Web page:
Driving and the Elderly: When to Give It Up

September 15, 2016

 

 

Driving has always been linked with independence. With seniors? Perhaps a bit too radical, some might point out. Imagine when you have been driving all your life and then one day you’ll just stop. Not a pleasant scene, right?

 

So what age can you actually stop driving? Let’s take a look at some stats.

 

According to the Institute for Highway Safety, those 80 years of age and above tend to have the highest fatal accident rates. This results from various physiological and psychological causes. As one ages, he often experiences stiffer joints and muscles, deterioration of eyesight, hearing impairments, slower reflexes, shorter attention span, among others.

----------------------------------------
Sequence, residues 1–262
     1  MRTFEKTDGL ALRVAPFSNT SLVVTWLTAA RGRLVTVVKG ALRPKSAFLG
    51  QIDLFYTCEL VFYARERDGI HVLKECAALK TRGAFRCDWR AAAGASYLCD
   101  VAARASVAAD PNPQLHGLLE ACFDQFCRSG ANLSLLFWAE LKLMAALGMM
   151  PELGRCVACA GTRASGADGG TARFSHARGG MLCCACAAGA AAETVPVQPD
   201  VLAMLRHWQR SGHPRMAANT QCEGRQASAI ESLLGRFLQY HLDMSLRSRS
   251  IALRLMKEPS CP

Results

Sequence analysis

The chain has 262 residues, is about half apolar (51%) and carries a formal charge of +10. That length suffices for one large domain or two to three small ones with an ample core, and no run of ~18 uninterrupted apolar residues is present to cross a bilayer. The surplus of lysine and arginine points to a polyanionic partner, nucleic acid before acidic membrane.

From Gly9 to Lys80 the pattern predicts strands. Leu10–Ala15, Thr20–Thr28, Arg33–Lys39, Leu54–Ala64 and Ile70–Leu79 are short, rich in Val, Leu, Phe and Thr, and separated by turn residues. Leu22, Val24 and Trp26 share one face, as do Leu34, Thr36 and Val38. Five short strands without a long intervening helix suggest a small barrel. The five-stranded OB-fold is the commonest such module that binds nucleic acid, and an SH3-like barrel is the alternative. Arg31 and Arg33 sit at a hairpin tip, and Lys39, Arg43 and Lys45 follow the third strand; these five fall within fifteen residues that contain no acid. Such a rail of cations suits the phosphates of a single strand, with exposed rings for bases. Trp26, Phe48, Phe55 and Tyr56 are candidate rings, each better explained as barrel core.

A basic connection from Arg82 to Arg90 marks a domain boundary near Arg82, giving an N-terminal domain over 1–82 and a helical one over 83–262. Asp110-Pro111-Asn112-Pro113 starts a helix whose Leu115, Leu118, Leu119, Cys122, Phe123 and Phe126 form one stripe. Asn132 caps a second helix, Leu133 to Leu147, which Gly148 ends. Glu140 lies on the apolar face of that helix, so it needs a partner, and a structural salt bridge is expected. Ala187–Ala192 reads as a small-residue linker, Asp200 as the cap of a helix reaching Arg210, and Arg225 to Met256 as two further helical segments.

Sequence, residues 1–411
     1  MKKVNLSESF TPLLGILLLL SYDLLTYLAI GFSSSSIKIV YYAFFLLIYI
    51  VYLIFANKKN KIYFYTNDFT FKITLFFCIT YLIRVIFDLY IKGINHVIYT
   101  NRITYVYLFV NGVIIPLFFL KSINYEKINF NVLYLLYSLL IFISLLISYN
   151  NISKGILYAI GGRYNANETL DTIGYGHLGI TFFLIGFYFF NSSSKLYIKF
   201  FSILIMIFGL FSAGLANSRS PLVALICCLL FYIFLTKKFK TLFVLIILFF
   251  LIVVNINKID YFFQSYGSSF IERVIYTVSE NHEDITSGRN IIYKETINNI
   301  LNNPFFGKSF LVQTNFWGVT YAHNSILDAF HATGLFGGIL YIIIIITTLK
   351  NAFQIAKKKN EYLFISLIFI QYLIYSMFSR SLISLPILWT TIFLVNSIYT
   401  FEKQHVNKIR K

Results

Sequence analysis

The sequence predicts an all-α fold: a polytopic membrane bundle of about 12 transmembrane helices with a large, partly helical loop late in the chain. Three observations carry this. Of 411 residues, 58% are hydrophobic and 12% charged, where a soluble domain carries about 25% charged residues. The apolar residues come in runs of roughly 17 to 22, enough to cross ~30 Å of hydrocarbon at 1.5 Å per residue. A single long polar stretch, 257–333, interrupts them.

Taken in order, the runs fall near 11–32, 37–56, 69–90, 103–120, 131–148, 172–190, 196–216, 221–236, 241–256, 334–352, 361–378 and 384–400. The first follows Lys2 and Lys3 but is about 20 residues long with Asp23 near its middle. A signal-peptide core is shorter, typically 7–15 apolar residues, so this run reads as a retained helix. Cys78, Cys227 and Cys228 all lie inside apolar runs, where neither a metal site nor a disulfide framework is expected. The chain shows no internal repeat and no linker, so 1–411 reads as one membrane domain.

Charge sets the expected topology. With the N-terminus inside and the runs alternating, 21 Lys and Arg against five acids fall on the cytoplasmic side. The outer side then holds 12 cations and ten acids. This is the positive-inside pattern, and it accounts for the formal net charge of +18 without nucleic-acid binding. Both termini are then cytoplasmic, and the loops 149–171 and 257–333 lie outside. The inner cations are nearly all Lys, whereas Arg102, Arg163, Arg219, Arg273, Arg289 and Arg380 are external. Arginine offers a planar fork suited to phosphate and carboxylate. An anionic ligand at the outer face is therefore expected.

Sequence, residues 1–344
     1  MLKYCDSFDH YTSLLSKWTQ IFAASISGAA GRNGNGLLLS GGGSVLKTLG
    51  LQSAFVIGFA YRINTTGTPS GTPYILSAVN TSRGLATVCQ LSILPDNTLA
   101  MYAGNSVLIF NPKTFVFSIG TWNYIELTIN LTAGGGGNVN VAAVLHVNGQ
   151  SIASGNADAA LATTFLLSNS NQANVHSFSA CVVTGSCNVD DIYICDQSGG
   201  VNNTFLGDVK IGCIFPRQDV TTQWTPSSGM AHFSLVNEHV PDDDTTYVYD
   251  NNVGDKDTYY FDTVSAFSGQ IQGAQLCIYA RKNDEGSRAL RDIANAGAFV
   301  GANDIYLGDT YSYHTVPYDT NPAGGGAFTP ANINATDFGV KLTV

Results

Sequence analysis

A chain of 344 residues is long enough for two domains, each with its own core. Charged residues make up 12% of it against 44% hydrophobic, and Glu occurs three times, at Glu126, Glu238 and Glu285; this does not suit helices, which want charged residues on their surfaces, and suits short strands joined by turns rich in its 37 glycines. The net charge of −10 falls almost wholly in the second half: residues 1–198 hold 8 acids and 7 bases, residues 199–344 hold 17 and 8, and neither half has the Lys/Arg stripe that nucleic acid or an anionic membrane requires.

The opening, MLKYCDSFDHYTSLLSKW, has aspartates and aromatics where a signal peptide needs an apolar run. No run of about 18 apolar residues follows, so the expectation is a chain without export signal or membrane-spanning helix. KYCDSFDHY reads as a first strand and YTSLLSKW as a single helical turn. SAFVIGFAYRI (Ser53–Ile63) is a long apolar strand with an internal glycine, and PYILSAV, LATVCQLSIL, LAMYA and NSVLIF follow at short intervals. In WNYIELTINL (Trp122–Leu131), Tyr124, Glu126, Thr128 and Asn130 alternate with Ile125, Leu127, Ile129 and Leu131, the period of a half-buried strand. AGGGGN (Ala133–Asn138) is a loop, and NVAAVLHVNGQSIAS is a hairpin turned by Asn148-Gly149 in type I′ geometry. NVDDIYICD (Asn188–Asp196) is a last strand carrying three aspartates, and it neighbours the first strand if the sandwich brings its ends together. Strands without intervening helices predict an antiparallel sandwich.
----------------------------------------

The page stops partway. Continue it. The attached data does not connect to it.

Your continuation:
Again, when is the right time to stop driving? Well, it depends on various factors. If you notice that you have been becoming unsafe while on the road, that may be the best time. Have you noticed people honking at you all the time? Am I getting more distracted than I used to be? Am I having difficulty moving my foot in between pedals? If yes, it may be beneficial to stop driving already.

 

True, it may be quite uncomfortable at first, especially if you have been used to driving ever since. But with assistance from your trusted friends, family members, loved ones and other care providers (especially if you are receiving home care services), you are in good hands.

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